Alignment language is a handy game tool which is not unjustifiable in game terms. Thieves did employ a special cant. Secret organizations and societies did and do have certain recognition signs, signals and recognition phrases - possibly special languages (of limited extent) as well. Consider also the medieval Catholic Church which used Latin as a common recognition and communication base to cut across national boundaries. In AD&D, alignment languages are the special set of signs, signals, gestures and words which intelligent creatures use to inform other intelligent creatures of the same alignment of their fellowship and common ethos. Alignment languages are NEVER flaunted in public. They are not used as salutations or interrogatives if the speaker is uncertain of the alignment of those addressed. Furthermore, alignment languages are of limited vocabulary and deal with the ethos of the alignment in general, so lengthy discussion of varying subjects cannot be conducted in such tongues.
Each alignment language is constructed to allow recognition of like-aligned creatures and to discuss the precepts of the alignment in detail. Otherwise, the tongue will permit only the most rudimentary communication with a vocabulary of limited to a few score words. The speaker could inquire of the listener's state of health, ask about hunger, thirst, or degree of tiredness. A few other basic conditions and opinions could be expressed, but no more. The specialty tongues of Druidic and the Thieves' Cant are designed to handle conversations pertaining to things druidical on the one hand and thievery, robbery and the disposal of stolen goods on the other. Druids could discuss at length and in detail the state of the crops, weather, animal husbandry and foresting; but warfare, politics, adventuring, and like matter would be impossible to detail with the language.
Any character foolish enough to announce his or her alignment by publicly crying out in that alignment tongue will incur considerable social sanctions. At best he or she will be thought unmannerly, rude, boorish, and stupid. Those of the same alignment will be inclined to totally ignore the character, not wishing to embarrass themselves by admitting any familiarity with the offender. Those of other alignment will likewise regard the speaker with distaste when overhearing such an outburst. At worst, the character will marked by those hostile to the alignment in which he or she spoke.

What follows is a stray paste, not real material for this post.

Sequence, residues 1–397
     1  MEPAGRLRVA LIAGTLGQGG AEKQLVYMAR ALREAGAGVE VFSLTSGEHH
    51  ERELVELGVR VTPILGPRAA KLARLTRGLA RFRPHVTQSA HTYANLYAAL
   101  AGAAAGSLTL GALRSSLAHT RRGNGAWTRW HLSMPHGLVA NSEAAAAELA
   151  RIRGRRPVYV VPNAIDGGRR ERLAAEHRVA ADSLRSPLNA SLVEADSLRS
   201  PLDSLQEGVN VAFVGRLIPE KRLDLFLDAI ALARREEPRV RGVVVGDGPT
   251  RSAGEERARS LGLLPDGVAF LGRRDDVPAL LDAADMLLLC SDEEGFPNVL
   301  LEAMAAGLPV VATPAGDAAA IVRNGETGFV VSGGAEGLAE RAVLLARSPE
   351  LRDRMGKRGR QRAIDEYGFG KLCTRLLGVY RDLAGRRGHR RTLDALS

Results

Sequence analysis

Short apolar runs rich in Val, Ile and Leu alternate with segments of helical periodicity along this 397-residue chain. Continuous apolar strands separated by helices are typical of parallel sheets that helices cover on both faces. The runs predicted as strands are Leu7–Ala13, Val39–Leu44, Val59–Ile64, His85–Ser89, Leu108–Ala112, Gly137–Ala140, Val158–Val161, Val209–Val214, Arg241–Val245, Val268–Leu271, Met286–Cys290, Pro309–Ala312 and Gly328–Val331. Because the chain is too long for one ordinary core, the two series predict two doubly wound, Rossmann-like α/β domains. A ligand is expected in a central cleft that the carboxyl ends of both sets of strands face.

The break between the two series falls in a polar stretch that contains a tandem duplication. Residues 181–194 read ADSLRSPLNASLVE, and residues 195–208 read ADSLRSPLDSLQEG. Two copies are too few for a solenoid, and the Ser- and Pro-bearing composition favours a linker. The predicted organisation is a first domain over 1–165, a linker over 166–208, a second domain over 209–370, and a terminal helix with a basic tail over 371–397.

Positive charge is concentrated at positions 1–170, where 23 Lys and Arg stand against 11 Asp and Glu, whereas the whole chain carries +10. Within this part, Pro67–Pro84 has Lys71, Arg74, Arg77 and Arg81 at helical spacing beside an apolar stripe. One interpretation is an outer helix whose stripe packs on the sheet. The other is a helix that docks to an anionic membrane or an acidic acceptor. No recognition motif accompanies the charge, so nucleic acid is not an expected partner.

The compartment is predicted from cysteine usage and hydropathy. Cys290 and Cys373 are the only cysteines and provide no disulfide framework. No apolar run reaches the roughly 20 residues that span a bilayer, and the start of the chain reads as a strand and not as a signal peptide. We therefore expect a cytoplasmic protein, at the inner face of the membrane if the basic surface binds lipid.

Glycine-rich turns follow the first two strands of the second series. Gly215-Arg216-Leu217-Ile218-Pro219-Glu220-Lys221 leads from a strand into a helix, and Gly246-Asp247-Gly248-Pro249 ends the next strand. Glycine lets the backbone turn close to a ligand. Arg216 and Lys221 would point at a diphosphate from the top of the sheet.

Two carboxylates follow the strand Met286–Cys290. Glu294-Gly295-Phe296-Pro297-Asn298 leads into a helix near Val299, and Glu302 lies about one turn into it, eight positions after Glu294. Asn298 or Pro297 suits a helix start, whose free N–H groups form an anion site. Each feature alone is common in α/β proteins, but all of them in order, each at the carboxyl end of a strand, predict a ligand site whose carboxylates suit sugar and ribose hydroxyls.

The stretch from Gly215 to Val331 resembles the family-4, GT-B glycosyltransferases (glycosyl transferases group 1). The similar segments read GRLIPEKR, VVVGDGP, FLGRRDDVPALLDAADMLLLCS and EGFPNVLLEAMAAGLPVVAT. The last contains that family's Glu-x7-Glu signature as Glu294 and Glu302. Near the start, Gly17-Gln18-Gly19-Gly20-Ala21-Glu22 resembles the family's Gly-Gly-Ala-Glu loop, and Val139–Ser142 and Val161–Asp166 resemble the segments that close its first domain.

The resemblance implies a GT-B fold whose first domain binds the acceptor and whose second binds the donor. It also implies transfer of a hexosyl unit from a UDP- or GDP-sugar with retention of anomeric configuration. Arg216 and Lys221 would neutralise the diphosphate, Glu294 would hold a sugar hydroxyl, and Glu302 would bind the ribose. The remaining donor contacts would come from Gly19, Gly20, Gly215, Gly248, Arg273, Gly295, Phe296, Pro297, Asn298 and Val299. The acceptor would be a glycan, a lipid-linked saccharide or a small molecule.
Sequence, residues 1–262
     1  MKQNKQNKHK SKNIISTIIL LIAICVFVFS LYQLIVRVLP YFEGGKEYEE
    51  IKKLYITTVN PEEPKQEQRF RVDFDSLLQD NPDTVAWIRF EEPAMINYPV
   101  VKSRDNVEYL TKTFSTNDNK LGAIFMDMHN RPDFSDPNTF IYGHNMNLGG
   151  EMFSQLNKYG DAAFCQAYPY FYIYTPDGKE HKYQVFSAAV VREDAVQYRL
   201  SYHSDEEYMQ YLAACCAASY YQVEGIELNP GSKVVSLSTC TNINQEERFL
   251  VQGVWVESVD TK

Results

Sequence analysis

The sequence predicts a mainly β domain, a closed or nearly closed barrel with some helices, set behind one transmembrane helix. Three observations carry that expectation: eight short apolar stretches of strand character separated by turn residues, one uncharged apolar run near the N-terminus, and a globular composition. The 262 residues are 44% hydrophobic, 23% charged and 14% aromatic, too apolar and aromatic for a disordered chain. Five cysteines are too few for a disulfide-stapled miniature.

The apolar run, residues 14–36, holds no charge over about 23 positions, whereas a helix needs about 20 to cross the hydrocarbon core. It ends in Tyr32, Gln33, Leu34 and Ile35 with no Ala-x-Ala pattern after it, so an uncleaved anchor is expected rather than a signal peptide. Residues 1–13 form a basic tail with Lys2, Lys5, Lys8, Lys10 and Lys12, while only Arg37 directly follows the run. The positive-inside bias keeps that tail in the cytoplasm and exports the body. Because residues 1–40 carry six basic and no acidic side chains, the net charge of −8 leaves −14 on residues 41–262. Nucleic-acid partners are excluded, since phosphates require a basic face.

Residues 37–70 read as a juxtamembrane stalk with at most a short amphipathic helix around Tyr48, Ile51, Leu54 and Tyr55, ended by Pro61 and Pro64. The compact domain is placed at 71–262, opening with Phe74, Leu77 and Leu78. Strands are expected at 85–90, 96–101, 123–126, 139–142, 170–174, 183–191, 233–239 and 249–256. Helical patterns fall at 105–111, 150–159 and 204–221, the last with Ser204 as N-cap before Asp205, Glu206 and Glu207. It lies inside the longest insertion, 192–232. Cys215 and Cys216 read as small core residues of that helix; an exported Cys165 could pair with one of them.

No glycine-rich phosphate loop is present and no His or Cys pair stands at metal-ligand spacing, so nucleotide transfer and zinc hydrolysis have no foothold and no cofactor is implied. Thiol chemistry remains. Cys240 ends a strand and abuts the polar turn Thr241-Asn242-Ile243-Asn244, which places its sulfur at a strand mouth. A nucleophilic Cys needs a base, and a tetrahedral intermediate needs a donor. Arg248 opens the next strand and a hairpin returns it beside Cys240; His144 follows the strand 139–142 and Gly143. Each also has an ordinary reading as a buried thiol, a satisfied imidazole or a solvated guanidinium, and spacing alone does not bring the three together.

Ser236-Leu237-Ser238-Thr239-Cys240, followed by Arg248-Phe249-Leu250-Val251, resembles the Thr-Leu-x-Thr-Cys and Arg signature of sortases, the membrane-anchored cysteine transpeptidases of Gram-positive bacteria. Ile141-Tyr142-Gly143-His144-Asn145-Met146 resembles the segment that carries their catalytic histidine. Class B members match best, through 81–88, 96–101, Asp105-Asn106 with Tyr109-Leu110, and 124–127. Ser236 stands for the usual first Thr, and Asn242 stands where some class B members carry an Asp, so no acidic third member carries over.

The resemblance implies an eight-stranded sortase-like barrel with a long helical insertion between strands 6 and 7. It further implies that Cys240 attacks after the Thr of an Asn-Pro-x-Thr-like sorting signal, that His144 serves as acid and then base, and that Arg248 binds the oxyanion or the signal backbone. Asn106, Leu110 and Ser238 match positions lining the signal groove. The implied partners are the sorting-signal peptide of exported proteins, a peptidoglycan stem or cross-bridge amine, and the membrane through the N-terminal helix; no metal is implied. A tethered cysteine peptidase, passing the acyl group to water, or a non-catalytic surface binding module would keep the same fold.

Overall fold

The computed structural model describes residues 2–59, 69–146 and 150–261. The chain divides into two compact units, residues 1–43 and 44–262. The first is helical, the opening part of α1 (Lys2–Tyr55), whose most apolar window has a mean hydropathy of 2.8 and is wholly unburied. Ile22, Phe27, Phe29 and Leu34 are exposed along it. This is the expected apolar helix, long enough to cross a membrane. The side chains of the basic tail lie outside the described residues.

Alignment language is used to establish credentials only after initial communications have been established by other means. Only in the most desperate of situations would any creature utter something in the alignment tongue otherwise. It must be also noted that alignment does NOT necessarily empower a creature to actually speak or understand the alignment language which is general in the ethos. Thus, blink dogs are intelligent, lawful good creatures who have a language of their own. A lawful good human, dwarf or brownie will be absolutely at a loss to communicate with blink dogs, however, except in the most limited of ways (non-aggression, non-fear, etc.) without knowledge of the creatures language or some magical means. This is because blink dogs do not intellectually embrace the ethos of lawful good but are of that alignment instinctually; therefore, they do not speak the tongue used by lawful good. This is not true of gold dragons, let us say, or red dragons with respect to their alignment, who do speak their respective alignment languages.
This clearly means that people actually have an explicit awareness of what alignment they are - it would not be considered odd (thought it would be a social faux pas, apparently) to utter the words "I am Lawful Good" in RAW AD&D.
I've often thought that it would be interesting to run AD&D in a setting which takes this RAW approach to alignment. In my mind, it would be something almost akin to what the Planescape designers were trying to do with the factions in Sigil, except much further below the surface than that: imagine the potential of a setting in which everybody is a member of one of nine secret societies, and everybody knows everybody else is a member of one of those societies, but they never reveal which society they are a member of unless they can possibly help it.
There is a lot of potential in that idea for interesting fiction more than there is for a game, but I still find it fascinating. It implies a kind of parallel world: everybody goes about their daily life in the regular way, but underneath that they are all pursuing their secret inner lives and the secret agendas they have, dictated by their alignment.
In a sense, there is something in it of China Mieville's The City and the City: society pretending it is one thing, even though everybody knows that actually it is something else. Just like in The City and the City the inhabitants of one city behave as if the other does not exist, even though they surely know that it does, the people of the D&D world behave as if alignments do not exist, even though they all know that they really do. Everybody must carefully scan each other over whenever they meet: "I bet he's Lawful Evil"; "I hope she's Chaotic Good like me". Probably, an element of courtship is revealing to the other person, after a level of trust has been established, what your alignment is. Maybe marriage across alignment lines is "not done". Maybe it is society's great taboo - which people thrill in breaking.
As with a lot of things in AD&D, in one sense it is best just not to think too hard about alignment languages, because it leads you somewhere that just isn't D&D at all. Why bother with dungeons when the cloak and dagger setting implied by alignment languages implies a completely different genre of game?